In the Reinvention Economy, creativity is currency of choice

The Reinvention Economy unfolded in 2009, recasting the rules of the corporate world. Leading brands worked to redefine and reinvent themselves in ways that proffered optimism and illuminated paths out of the dark financial storm.

The Reinvention Economy unfolded in 2009, recasting the rules of the corporate world. Leading brands worked to redefine and reinvent themselves in ways that proffered optimism and illuminated paths out of the dark financial storm.

Much of this period's first phase was focused on rebuilding the broken infrastructure that led to our economic demise - be it faulty corporate governance, laws, and structures; or the poor social support systems of education, finance, home-buying, and healthcare.

This year, we will go beyond rebuilding the infrastructure that is America and the world. If phase one of the Reinvention Economy was about repairing foundations - ensuring the sustainability of business and innovating just enough to appease consumers - phase two is about standing on those foundations and bringing forward a new level of reinvention. It's about marrying technology and innovation with creativity. It's about activating ideas. It's about energizing business leaders and consumers. It's about the experience.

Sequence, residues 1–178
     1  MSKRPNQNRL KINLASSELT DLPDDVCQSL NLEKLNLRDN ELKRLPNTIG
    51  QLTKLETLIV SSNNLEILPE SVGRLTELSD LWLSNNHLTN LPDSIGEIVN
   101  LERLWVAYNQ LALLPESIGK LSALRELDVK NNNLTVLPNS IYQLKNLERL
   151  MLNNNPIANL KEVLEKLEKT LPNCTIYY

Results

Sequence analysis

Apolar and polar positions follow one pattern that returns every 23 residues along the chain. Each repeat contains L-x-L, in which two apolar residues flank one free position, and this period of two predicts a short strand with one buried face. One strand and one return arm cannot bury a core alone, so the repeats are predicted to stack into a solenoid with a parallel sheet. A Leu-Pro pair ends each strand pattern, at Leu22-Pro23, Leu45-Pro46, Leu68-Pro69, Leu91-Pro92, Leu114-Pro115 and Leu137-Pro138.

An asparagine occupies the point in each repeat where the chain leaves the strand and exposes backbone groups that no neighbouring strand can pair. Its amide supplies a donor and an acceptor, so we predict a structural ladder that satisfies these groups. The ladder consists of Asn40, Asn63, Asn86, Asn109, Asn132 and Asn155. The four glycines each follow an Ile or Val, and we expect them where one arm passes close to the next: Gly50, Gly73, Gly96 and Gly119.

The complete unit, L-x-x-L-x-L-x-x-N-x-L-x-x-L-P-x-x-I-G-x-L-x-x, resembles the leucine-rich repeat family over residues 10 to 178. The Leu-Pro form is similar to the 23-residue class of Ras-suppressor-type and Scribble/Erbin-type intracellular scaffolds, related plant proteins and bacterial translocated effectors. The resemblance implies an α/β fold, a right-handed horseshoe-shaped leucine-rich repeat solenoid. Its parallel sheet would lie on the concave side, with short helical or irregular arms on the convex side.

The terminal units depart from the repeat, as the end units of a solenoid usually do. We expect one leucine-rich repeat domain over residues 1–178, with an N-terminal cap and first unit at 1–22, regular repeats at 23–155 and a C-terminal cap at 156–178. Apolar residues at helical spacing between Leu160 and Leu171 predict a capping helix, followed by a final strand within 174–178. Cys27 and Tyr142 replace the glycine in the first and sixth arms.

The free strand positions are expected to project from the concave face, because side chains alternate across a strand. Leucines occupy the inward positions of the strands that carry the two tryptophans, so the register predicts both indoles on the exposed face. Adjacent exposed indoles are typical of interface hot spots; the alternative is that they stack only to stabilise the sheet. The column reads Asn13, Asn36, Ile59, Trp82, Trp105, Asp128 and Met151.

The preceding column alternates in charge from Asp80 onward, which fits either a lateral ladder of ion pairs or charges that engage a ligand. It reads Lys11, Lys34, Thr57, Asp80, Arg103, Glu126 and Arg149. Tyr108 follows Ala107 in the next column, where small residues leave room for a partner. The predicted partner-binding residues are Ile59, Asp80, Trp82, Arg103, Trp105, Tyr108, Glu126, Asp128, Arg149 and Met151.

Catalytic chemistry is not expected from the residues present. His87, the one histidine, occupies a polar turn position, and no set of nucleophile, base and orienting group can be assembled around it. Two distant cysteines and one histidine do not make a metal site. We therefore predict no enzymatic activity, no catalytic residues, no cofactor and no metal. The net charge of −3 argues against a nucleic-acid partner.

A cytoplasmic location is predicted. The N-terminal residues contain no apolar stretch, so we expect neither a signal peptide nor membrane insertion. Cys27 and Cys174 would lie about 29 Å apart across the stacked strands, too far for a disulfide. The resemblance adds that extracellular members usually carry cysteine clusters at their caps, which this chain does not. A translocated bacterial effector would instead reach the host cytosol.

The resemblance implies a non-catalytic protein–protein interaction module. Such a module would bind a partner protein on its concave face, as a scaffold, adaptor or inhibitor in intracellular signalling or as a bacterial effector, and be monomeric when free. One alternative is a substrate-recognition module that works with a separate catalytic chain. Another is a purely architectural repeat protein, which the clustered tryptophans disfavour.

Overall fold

Companies in 2010 will manage against this expectation for true reinvention. They'll invest in individuals, ideas, and brand experiences. Success will be judged not via the esoteric quality controls of the past 20 years (total quality management), but on a new principle of "Total Experience Management," where the consumer experience is paramount, from consideration, contemplation, and shopping to purchase, all the way to at-home experience and even disposal.

The new economy craves creativity. Old metrics of corporate reputational and product success remain (innovation, product prowess, sustainability,) but new measurements, built off these stronger foundations, drive the landscape.

Creativity emerges as the environment's new currency, acting as the catalyst for transforming these pillars of elite corporate reputation into definable action.

As part of this creativity-led explosion, lines again blur between industries, particularly in the arena of media uber-brands and uber-advocates, with the worlds of entertainment and politics increasingly impacting the new media landscape. If Maria Bartiromo defined the first iteration of media "uber-advocates" - shifting the balance of power from media title to journalistic brand - 2010's new uber-influencers, like Ashton Kutcher, continue to unite the formerly splintered worlds of politics, entertainment, and business.

Those who will succeed will realize that phase one of the Reinvention Economy was only a harbinger of the change that creativity and a steadfast approach to innovation will bring this year.

Billee Howard is EVP and MD of the global strategic media group at Weber Shandwick.

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